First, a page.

With such enigmas and bitterness in his heart did Zarathustra sail o'er the sea. When, however, he was four day-journeys from the Happy Isles and from his friends, then had he surmounted all his pain:- triumphantly and with firm foot did he again accept his fate. And then talked Zarathustra in this wise to his exulting conscience:
Alone am I again, and like to be so, alone with the pure heaven, and the open sea; and again is the afternoon around me.
On an afternoon did I find my friends for the first time; on an afternoon, also, did I find them a second time:—at the hour when all light becometh stiller.
For whatever happiness is still on its way 'twixt heaven and earth, now seeketh for lodging a luminous soul: with happiness hath all light now become stiller.
O afternoon of my life! Once did my happiness also descend to the valley that it might seek a lodging: then did it find those open hospitable souls.
O afternoon of my life! What did I not surrender that I might have one thing: this living plantation of my thoughts, and this dawn of my highest hope!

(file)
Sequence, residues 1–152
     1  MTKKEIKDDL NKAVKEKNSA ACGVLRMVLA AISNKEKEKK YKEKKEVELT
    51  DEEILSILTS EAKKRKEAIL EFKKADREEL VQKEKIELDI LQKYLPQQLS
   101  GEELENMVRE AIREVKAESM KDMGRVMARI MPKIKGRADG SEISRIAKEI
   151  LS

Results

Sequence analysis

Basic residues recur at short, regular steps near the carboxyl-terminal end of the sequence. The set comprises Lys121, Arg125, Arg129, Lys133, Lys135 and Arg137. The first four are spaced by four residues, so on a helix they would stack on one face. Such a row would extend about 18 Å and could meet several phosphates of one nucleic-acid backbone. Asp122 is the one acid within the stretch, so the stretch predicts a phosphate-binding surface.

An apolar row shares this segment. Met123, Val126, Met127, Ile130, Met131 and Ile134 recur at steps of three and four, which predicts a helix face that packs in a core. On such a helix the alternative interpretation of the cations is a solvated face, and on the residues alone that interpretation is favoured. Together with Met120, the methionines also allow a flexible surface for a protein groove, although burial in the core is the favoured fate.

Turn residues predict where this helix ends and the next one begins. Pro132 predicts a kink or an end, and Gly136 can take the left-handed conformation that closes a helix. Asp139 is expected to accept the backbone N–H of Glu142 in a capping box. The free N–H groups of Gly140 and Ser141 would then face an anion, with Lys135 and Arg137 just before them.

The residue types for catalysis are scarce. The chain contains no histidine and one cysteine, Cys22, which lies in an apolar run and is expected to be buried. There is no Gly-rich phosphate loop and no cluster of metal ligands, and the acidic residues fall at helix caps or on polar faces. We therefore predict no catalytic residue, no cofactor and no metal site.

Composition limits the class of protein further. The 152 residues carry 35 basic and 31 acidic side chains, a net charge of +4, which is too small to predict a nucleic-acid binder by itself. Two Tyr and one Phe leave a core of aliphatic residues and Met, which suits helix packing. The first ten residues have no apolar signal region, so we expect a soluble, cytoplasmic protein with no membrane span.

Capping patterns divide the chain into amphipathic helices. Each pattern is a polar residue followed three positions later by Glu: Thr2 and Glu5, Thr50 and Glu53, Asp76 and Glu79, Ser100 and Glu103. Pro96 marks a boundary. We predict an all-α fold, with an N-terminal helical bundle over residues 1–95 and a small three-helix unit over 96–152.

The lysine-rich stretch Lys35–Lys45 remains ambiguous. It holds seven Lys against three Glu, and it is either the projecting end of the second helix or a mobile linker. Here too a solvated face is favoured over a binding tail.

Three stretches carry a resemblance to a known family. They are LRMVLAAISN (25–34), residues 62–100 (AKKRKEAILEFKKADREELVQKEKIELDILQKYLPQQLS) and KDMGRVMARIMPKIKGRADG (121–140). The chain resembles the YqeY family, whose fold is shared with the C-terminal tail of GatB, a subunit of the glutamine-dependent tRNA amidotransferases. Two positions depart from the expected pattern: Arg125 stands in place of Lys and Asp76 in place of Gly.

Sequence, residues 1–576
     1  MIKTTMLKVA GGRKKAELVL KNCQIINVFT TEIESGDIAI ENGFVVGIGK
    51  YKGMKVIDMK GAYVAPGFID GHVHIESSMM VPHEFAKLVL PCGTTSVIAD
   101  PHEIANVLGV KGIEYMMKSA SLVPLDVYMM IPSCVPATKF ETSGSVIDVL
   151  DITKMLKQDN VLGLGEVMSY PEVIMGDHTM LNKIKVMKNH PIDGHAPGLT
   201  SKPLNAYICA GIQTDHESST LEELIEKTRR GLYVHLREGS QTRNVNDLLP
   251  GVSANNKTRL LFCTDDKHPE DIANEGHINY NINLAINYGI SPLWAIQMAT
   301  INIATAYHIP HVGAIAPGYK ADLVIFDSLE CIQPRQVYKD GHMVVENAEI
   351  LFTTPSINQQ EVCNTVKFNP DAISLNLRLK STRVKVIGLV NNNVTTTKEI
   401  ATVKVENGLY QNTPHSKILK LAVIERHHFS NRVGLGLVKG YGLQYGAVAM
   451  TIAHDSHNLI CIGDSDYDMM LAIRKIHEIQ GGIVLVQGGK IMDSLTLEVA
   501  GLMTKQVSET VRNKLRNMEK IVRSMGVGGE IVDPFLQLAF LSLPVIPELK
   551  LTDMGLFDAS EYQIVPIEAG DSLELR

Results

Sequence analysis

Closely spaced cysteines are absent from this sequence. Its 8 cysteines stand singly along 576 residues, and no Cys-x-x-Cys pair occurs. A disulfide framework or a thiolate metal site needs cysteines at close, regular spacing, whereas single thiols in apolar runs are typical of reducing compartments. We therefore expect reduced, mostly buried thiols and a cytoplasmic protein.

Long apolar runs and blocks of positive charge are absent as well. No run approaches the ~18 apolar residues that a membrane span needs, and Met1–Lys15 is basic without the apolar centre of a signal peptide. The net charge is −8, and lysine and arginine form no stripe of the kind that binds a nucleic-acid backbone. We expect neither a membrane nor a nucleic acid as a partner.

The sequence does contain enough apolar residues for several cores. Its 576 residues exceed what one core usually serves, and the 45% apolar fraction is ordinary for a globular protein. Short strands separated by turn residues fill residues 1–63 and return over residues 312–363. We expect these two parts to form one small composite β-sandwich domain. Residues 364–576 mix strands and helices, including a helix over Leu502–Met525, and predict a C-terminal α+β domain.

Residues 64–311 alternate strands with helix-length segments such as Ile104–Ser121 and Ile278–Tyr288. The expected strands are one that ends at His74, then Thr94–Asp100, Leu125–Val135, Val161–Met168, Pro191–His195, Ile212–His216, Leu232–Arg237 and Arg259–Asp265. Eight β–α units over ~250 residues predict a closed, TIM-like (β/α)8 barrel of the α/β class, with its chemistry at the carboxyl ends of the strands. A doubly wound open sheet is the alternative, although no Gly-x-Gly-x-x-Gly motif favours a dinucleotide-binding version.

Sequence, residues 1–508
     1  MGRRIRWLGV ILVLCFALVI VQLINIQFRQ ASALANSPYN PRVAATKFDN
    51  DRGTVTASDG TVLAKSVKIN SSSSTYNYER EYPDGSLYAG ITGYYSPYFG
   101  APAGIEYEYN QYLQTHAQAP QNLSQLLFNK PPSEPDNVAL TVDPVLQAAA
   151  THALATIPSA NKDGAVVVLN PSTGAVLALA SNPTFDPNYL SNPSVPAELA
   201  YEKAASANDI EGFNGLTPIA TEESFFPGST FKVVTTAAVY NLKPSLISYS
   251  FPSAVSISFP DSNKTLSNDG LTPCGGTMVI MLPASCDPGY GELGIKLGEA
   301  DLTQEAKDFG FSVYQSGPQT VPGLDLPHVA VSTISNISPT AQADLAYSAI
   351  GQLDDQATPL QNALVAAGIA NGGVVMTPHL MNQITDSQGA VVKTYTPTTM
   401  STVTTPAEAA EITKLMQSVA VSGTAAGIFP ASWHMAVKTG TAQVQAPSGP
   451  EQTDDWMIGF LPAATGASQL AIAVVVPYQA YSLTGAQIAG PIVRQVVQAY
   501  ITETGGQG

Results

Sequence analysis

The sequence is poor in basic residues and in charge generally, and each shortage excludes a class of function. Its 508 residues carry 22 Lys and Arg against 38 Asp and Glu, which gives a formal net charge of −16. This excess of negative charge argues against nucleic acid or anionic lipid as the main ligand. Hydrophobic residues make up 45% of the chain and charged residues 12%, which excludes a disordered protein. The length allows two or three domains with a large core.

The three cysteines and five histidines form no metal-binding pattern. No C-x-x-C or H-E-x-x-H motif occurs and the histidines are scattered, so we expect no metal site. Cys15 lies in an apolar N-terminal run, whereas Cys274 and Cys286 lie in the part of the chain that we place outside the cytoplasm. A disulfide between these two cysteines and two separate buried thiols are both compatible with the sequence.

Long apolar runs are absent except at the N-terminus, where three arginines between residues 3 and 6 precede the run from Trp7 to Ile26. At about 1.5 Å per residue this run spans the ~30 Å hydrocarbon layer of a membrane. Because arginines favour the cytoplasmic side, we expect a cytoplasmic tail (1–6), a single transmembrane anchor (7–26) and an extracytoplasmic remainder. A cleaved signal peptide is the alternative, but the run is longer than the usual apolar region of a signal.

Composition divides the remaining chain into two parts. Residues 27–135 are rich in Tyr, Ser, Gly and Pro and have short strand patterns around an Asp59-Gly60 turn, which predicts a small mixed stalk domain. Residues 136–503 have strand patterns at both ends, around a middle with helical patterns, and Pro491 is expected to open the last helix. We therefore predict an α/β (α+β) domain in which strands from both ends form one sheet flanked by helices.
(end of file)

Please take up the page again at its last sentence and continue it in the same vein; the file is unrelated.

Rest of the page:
Companions did the creating one once seek, and children of his hope: and lo, it turned out that he could not find them, except he himself should first create them.
Thus am I in the midst of my work, to my children going, and from them returning: for the sake of his children must Zarathustra perfect himself.
For in one's heart one loveth only one's child and one's work; and where there is great love to oneself, then is it the sign of pregnancy: so have I found it.
Still are my children verdant in their first spring, standing nigh one another, and shaken in common by the winds, the trees of my garden and of my best soil.
And verily, where such trees stand beside one another, there are Happy Isles!
But one day will I take them up, and put each by itself alone: that it may learn lonesomeness and defiance and prudence.
Gnarled and crooked and with flexible hardness shall it then stand by the sea, a living lighthouse of unconquerable life.